I am psyched to be behind a amazing company that doesn’t mind getting behind me!
I truly appreciate that moment I decided to take a chance and chose happiness over routine. I can’t wait to see where this goes.
I went from asking “What exactly would they need to be evangelized??” to “OMG, there’s so much to evangelize! Where do I start??”
UPDATE (8 Months In . . .):
Ok, wait – what? Another four more months just went by?!? I swear I have no idea where that time went!
Well . . . I take that back. If you’re reading this, that means we’ve finally launched our Engineering Blog!! Which means we’ve been putting a lot of time, energy, and collaborative efforts into creating awesome content to publish on our new outlet!
Once again, I believe the culture is responsible for this win. Just as with any blog, the making of this one was no easy task. Engineers working on high priority projects with conflicting schedules, team transitions — there were several elements which could have stagnated launch of the blog entirely.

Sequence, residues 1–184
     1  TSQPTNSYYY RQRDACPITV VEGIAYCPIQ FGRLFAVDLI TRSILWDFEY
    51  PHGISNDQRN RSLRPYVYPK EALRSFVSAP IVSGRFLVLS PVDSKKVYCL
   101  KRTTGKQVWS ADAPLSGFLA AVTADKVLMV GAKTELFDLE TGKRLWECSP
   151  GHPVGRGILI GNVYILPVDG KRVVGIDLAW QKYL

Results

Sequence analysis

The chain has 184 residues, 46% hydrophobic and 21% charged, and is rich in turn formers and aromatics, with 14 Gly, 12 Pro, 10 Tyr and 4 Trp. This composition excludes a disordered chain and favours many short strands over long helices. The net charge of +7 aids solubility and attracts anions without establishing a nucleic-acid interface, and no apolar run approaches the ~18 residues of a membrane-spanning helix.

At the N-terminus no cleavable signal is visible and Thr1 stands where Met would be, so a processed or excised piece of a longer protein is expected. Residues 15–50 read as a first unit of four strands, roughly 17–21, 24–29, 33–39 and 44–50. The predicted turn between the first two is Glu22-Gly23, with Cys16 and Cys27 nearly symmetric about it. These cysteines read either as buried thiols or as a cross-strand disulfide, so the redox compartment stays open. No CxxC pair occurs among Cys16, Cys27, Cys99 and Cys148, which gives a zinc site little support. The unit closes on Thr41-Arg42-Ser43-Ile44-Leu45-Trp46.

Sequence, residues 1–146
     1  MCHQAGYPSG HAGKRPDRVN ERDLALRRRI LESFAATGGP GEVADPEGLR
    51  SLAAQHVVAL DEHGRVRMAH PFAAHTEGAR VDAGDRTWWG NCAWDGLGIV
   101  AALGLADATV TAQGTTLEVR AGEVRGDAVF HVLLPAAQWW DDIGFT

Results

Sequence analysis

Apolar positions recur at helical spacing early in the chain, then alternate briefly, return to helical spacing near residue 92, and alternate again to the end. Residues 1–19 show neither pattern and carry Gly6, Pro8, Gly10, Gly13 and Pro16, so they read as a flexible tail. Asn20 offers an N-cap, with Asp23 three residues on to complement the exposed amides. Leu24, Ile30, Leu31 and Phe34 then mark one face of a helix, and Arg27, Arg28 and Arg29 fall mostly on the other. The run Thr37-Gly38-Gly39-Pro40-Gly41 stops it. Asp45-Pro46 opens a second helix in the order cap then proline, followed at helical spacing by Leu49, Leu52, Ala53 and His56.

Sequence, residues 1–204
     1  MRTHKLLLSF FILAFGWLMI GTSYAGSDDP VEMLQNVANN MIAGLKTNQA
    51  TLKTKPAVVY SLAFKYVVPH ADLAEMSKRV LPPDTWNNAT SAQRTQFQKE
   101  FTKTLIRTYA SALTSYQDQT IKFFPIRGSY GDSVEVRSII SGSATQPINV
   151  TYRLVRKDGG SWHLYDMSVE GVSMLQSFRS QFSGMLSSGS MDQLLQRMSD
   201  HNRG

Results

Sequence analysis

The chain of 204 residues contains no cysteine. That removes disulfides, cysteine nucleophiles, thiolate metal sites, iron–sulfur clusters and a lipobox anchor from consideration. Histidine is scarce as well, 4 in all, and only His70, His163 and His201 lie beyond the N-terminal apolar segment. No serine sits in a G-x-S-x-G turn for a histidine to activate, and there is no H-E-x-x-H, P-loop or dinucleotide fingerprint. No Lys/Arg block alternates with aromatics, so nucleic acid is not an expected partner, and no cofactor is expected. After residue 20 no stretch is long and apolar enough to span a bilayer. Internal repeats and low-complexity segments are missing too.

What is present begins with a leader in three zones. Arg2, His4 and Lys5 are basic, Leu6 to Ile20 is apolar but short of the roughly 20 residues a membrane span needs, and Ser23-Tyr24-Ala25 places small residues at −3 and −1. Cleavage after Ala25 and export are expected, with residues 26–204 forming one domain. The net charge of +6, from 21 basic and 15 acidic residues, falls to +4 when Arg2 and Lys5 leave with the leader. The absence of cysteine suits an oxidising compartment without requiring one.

But the collective enthusiasm of the organization around the idea of creating an outlet for our engineers to publish their knowledge, experiences, and perspectives on everything that is Verizon Digital Media Services (along with my size 11 shoe . . . jk) proved a more than compelling enough call to action for many of our engineers, website designers, creative directors and marketing gurus.
Cheesy, but true.
And trust me, there’s plenty to learn! I’ve been here 8 months and I seem to learn something new about the company every single day. Teams and projects I never knew existed, the dynamic depths of our platforms, and just how influential a lot of our engineers are in the dev community with their own open sourced projects, contributions, and meetup groups!
Stay tuned to the blog for all of the above in addition to our journey in our Evangelism efforts! ;)